Excerpts from: Americanism Redux: April 25, on the journey to the American Founding, 250 years ago today, in 1774

Every day you hear sounds that you know define your life. They show you where you are. The sounds heard in the last full week of April 1774 did much the same thing for people then. There were sounds of a husband and wife bickering in Urbanna, colony of Virginia; sounds of the wind driving the windmill on a granary in Annapolis, Maryland that the owners were hoping to lease or sell; sounds of a colonial governor in Pennsylvania who placed great faith in his agents to negotiate peace on the Appalachian Mountain frontier; sounds of another “tea party”, this time at Sandy Hook on Long Island; sounds of people talking in loud tones in Boston, Massachusetts and Charleson, South Carolina after learning that England’s Solicitor General Alexander Wedderburn had humiliated famous colonist Benjamin Franklin for his role in leaking private imperial documents.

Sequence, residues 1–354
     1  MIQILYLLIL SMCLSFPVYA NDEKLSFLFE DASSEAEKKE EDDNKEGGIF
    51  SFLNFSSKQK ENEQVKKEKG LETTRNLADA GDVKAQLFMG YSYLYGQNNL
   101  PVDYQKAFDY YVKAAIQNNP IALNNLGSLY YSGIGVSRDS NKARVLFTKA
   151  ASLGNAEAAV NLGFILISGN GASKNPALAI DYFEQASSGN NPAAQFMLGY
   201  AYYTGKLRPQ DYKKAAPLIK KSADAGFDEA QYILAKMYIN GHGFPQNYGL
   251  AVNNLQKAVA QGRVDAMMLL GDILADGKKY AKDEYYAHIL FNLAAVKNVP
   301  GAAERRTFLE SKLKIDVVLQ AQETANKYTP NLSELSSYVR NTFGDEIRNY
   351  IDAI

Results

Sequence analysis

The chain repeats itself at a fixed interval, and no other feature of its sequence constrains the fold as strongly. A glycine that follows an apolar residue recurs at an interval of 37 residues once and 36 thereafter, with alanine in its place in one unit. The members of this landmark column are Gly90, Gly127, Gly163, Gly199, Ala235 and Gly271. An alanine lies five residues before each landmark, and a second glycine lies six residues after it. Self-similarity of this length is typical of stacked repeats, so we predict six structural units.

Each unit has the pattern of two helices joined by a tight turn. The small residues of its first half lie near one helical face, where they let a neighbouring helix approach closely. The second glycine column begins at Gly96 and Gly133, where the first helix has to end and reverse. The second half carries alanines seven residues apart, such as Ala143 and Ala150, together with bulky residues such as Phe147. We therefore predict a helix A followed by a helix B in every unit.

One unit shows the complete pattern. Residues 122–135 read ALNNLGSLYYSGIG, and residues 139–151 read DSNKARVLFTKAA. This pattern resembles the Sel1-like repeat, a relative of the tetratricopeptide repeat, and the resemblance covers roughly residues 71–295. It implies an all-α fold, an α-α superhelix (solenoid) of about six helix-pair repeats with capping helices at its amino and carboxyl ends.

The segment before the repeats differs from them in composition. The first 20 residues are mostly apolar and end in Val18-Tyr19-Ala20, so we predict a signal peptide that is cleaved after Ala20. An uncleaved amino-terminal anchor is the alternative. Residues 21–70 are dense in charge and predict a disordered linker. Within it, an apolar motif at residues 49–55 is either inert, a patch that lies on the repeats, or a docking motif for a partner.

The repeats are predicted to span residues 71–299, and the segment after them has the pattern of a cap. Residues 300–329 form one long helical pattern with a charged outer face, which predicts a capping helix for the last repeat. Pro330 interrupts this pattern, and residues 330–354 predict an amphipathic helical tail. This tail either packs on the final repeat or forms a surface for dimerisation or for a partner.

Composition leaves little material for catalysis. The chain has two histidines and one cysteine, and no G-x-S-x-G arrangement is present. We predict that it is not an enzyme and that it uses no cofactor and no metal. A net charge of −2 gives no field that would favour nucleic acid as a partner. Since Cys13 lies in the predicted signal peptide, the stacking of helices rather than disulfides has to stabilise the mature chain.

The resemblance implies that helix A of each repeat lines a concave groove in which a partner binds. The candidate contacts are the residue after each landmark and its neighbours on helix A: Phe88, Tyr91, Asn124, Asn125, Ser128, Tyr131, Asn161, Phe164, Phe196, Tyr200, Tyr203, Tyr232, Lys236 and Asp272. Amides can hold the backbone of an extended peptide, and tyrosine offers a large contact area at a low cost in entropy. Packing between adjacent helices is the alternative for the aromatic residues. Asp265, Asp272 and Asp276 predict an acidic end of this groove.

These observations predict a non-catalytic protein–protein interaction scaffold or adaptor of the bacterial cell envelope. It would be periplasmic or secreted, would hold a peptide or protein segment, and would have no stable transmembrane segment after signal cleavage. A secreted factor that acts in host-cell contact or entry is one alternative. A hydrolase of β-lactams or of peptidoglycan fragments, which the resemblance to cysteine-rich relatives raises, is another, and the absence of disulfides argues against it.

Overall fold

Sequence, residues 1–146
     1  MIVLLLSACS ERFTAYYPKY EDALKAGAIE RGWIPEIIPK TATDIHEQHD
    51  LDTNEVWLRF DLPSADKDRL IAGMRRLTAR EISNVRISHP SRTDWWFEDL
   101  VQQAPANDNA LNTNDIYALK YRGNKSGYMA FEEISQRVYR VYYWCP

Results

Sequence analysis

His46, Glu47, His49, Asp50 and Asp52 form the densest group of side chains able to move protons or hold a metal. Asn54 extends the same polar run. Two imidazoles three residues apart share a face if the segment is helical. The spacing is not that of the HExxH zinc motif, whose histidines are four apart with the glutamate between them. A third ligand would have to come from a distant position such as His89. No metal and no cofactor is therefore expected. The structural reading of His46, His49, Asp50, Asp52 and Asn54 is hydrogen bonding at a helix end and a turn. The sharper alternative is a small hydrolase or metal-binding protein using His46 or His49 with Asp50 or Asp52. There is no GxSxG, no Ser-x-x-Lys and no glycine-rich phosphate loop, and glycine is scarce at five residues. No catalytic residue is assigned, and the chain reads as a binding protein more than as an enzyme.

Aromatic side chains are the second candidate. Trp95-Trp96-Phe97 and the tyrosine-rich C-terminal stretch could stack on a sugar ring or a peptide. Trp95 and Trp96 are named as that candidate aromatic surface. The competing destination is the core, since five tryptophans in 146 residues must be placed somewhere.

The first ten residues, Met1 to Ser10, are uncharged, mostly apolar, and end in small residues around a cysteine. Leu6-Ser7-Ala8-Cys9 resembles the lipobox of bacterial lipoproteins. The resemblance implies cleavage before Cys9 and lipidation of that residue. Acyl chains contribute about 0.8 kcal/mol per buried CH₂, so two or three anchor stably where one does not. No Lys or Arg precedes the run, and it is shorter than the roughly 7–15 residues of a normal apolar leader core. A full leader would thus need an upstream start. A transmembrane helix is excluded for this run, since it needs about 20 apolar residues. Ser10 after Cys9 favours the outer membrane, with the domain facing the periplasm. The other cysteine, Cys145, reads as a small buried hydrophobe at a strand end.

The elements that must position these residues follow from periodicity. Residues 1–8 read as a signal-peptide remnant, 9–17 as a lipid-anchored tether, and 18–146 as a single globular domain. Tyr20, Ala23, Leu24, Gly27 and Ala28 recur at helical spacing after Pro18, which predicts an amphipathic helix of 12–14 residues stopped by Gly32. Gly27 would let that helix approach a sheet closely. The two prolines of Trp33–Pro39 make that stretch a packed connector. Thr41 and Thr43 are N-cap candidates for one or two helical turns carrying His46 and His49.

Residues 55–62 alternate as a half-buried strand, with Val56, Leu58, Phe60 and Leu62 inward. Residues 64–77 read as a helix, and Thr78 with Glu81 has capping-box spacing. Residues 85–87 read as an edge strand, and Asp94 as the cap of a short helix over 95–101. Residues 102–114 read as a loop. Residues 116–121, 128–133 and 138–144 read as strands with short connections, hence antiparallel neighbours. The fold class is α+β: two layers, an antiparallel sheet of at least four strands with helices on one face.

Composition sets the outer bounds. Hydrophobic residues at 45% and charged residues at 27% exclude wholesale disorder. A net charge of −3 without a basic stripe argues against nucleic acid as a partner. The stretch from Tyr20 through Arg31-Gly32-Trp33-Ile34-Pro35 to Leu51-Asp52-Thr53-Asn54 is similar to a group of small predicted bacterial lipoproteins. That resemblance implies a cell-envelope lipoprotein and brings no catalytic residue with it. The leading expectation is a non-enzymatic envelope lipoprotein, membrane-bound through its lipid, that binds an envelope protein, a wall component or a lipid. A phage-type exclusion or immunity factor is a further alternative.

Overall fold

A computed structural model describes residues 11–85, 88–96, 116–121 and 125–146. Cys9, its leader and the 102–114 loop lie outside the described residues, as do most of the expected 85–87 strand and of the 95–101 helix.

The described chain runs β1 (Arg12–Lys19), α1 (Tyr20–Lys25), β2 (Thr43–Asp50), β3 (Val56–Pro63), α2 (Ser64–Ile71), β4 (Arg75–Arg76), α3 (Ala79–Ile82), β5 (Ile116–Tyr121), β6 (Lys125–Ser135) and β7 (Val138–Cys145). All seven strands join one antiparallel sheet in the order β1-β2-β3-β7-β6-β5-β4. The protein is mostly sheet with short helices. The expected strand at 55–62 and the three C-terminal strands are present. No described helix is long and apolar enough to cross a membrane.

And in England, sounds of intense political debate in Parliament’s House of Commons over a proposed “administration of justice” act that would punish Boston and Massachusetts for its tea dumping. These were the sounds of a world coming closer to a life-changing crisis.

Americanism Redux, a series by historian author, Dr. Dan Miller, explores what Americanism meant 250 years ago and its significance for America today. Visit Dr Dan Miller’s website>


Reference: The Remnant Trust Collection

A newspaper in Charleston, colony of South Carolina inserted an intriguing reference in the description of Parliament’s ongoing reaction to the colonial tea protests in Boston, New York City, Philadelphia, and Charleston itself. The writer remarked that “Liberty travels Westward,” meaning that individual liberty and freedom seemed under attack in England and the rest of Europe. The American colonists, the quote suggests, are the last place where liberty can find a home. The Remnant Trust’s Item (#1338), “English Liberties, or the Free-Born Subject’s Inheritance”, written by Henry Care, first published in America in 1721, hinted at the precarious state of liberty in any governmental system.

View The Remnant Trust “Wisdom of the Ages Athenaeum PDF for reference>